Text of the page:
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GNU Screen is a wrapper that allows separation between the text program and the shell from which it was launched. This allows the user to, for example, start a text program in a terminal in X, kill X, and continue to interact with the program.



GNU Screen can be installed using the screen package.


Commands are entered pressing the "escape key" Ctrl+a and then the key binding.

Some users find the default escape key Ctrl+a inconvenient. The escape key can be changed to another key as described below.

Common Commands

  • Ctrl+a ? Displays commands and its defaults (VERY important)
  • Ctrl+a : Enter to the command prompt of screen
  • Ctrl+a " Window list
  • Ctrl+a 0 opens window 0
  • Ctrl+a A Rename the current window
  • Ctrl+a a Sends Ctrl+a to the current window
  • Ctrl+a c Create a new window (with shell)
  • Ctrl+a S Split current region into two regions
  • Ctrl+a tab Switch the input focus to the next region
  • Ctrl+a Ctrl+a Toggle between current and previous region
  • Ctrl+a Esc Enter Copy Mode (use enter to select a range of text)
  • Ctrl+a ] Paste text
  • Ctrl+a Q Close all regions but the current one
  • Ctrl+a X Close the current region
  • Ctrl+a d Detach from the current screen session, and leave it running. Use screen -r to resume

Command Prompt Commands

  • Ctrl+a :quit Closes all windows and closes screen session
  • Ctrl+a :source ~/.screenrc Reloads screenrc configuration file (can alternatively use /etc/screenrc)

Named sessions

To create a named session, run screen with the following command:

$ screen -S session_name

To (re)name an existing a session, run the following command while screen is running:

Ctrl+a :sessionname session_name

To print a list of strings identifying your screen sessions:

$ screen -list

To attach to a named screen session, run this command:

$ screen -x session_name


$ screen -r session_name

Autostart with systemd

This service autostarts screen for the specified user (e.g. systemctl enable screen@florian). Running this as a system unit is important, because systemd --user instance is not guaranteed to be running and will be killed when the last session for given user is closed.


ExecStart=/usr/bin/screen -DmS autoscreen
ExecStop=/usr/bin/screen -S autoscreen -X quit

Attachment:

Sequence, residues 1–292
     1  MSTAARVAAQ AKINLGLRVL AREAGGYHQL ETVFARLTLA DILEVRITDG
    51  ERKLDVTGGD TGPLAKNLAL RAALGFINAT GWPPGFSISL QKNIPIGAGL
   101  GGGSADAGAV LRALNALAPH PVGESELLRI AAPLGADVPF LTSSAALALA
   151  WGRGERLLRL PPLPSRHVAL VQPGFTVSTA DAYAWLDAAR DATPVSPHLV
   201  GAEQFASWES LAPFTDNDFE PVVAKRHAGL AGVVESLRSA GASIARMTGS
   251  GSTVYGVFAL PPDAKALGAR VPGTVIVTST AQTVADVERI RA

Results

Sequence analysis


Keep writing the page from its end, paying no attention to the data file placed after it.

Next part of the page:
Tips and tricks

Change the escape key

It can be a good idea to change the default escape key, not only because "a" is usually typed with the left pinky, but also because Ctrl+a is mapped to the common command beginning-of-line in GNU Readline and Bash-like shells.

The escape key can be changed with the escape option in ~/.screenrc, or the -e option to screen.

For example, if you find that you rarely type Ctrl+j in your shell or editor, you could use escape ^Jj to set the escape key to Ctrl+j. The second "j" means that a literal Ctrl+j can be sent to the terminal via the sequence Ctrl+j j. For Dvorak keyboard users, Ctrl+t (escape ^Tt) might be more convenient.

More exotic options include escape `` which sets the escape key to `, or escape ^^^ which sets it to Ctrl+^.

The escape key is also called the "command character" in Screen documentation.

Start at window 1

By default, the first screen window is 0. If you'd rather never have a window 0 and start instead with 1, add the following lines on your configuration:

bind c screen 1
bind ^c screen 1
bind 0 select 10                                                            
screen 1

Nested Screen Sessions

It is possible to get stuck in a nested screen session. A common scenario: you start an ssh session from within a screen session. Within the ssh session, you start screen. By default, the outer screen session that was launched first responds to Ctrl+a commands. To send a command to the inner screen session, use Ctrl+a a, followed by your command. For example:

  • Ctrl+a a d Detaches the inner screen session.
  • Ctrl+a a K Kills the inner screen session.